The College Board administers the SAT in August, October, November, December, March, May, and June. ACT, Inc. follows suit by offering the ACT in September, October, December, February, April, June, and July (everywhere but New York). So if students can only take the SAT or ACT during the school year, why should they prep during the 2.5-month summer span when they can’t?
The answer is obvious: because there’s no school!
Today’s college-bound high school students are busier than ever before. No, that’s not a cliché. As admissions standards spiral ever higher (along with tuition), students strive to differentiate themselves through advanced classes, sports, clubs, jobs, and every other activity they can fit into each overscheduled week. This frenzy of activity reaches its peak in junior year, from the beginning of fall sports until the end of finals. Considering how many important commitments students are asked to juggle, why not try to lighten the load by prepping when school is out?
Last generation’s test-taking paradigm has students taking their first SAT or ACT in spring of junior year with contingent expectations of more tests in the fall of senior year. But this approach makes little sense for many of today’s high schoolers, considering the crush of activity–Spring Break, APs, prom, spring sports championships, finals, and, of course, summeritis–students have to navigate in May and June. Long experience has borne out the conclusion that most students fail to score their best in late spring. As a result, they have little choice but to prep over the summer.
But what about those students heading into junior year, already knowing what activities they’d like to participate in and which classes they hope to take? These lucky students can use those lazy days of summer to lay the foundation for success in August, September, October, or whenever they’ll take their first official SAT or ACT. Plus, National Merit Scholarship contenders can already be at peak performance heading into the PSAT.
Prepping during the summer is not only easy, it’s also fun. Actually, to be fair, test prep may not be anybody’s idea of fun, but prepping once a week or during one block of vacation time feels like much less of a burden than doing the same on top of everything else during the school year. Imagine prepping in a relaxed but effective fashion over the summer, taking the SAT in late August and ACT in mid-September, then walking into the PSAT in mid-October already knowing that you hit your targets and are FINISHED with these tests. Sounds like a dream, doesn’t it?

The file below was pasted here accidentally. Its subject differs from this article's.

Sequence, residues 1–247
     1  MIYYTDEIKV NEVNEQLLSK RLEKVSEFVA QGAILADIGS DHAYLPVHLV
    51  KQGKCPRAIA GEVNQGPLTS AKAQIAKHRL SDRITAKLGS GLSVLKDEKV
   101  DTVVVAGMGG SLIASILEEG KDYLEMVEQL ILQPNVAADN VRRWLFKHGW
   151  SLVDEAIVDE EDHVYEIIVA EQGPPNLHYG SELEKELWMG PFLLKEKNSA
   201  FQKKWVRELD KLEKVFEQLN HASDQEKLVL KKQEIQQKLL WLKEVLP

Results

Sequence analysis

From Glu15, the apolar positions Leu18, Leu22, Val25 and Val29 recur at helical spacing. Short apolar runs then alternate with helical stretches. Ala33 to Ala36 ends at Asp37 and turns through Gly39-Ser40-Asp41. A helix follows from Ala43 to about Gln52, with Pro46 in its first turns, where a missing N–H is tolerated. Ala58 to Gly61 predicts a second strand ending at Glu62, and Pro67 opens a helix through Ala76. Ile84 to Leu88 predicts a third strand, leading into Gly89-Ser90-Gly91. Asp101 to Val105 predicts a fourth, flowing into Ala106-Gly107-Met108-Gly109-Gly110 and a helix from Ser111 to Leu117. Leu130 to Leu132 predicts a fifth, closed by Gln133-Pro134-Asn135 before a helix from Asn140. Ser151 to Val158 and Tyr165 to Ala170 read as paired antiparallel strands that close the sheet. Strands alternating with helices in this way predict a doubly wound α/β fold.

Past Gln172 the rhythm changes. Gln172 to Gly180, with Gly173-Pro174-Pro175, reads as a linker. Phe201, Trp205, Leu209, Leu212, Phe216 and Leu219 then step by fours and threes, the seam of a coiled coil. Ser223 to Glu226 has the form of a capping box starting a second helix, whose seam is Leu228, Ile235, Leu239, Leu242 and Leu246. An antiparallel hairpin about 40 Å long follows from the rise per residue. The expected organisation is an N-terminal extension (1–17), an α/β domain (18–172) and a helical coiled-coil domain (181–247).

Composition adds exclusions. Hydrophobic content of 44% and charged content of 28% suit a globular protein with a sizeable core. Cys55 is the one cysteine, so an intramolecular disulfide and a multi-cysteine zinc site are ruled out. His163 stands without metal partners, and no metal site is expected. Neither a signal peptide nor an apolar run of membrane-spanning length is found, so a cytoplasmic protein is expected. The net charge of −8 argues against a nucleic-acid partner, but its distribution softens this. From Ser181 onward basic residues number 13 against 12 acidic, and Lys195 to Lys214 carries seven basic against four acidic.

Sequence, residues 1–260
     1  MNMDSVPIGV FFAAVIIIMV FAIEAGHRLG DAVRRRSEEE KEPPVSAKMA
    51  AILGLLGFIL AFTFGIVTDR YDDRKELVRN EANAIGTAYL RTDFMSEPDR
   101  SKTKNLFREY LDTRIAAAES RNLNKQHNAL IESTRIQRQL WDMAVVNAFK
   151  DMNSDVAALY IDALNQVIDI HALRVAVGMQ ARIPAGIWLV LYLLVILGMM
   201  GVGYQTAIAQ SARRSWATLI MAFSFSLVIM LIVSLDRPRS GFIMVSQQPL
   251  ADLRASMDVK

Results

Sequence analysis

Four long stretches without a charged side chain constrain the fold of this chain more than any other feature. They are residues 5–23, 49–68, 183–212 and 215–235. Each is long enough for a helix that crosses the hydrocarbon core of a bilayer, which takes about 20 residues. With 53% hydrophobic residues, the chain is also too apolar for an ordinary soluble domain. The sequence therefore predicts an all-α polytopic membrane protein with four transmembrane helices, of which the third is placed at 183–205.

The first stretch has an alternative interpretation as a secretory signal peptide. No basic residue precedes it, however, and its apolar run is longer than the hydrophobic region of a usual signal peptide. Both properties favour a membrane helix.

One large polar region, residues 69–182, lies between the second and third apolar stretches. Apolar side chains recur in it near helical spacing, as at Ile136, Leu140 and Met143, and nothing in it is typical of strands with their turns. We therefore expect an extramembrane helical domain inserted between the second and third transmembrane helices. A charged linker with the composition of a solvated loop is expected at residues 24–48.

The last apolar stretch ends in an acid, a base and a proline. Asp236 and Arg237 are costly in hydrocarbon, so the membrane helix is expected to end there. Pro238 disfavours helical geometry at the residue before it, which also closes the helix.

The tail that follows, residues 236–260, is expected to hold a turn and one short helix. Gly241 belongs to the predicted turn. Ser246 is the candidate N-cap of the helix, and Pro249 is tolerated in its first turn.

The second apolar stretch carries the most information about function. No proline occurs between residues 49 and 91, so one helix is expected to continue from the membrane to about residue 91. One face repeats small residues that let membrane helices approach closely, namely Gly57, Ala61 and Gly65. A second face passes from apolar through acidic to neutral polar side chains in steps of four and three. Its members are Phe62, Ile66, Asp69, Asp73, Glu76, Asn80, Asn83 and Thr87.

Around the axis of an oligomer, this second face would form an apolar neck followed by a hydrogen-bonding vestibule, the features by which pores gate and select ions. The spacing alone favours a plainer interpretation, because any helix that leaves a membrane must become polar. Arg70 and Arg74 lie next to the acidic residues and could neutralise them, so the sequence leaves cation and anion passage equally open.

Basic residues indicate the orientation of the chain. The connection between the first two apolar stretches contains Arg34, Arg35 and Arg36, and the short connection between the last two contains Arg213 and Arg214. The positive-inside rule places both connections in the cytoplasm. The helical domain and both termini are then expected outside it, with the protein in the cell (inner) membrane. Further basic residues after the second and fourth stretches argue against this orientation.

We see students live this dream every fall and share their joy at knowing that, while their friends are still wondering what to do, these paragons of prep have already moved one important piece of the college admissions process into the “DONE AND DONE RIGHT” column. They’re free to focus on all those other commitments and are bound to be more successful with the tests off the table.
Many parents ask why their teen should go into the tests without the benefit of that extra year in the classroom. The sad truth is that students don’t learn that much in junior year that will impact their scores. Consider the facts:
- Most schools don’t teach grammar on the high school level.
- Most students don’t materially improve their vocabulary or reading skills in 11th grade without dedicated effort
- Students contending for high Math scores usually take Algebra II/Trigonometry or even Precalculus in 10th grade. Students who save that class for 11th grade have still learned more than 90% of the math the SAT and ACT test.
Students who need help in any of these essential areas will develop core competency much more quickly through dedicated test preparation than they will through the average high school curriculum.
The bottom line is that every student (except a very fortunate few) who wants to earn his or her best scores on the SAT or ACT must prepare in advance. Once you accept this fact, the only questions are how to prep and when to prep. We, as you might imagine, have very strong thoughts about the former question. The answer to the latter is clear: students who are willing to put in the work should prep for the SAT and ACT in the summer before 11th grade.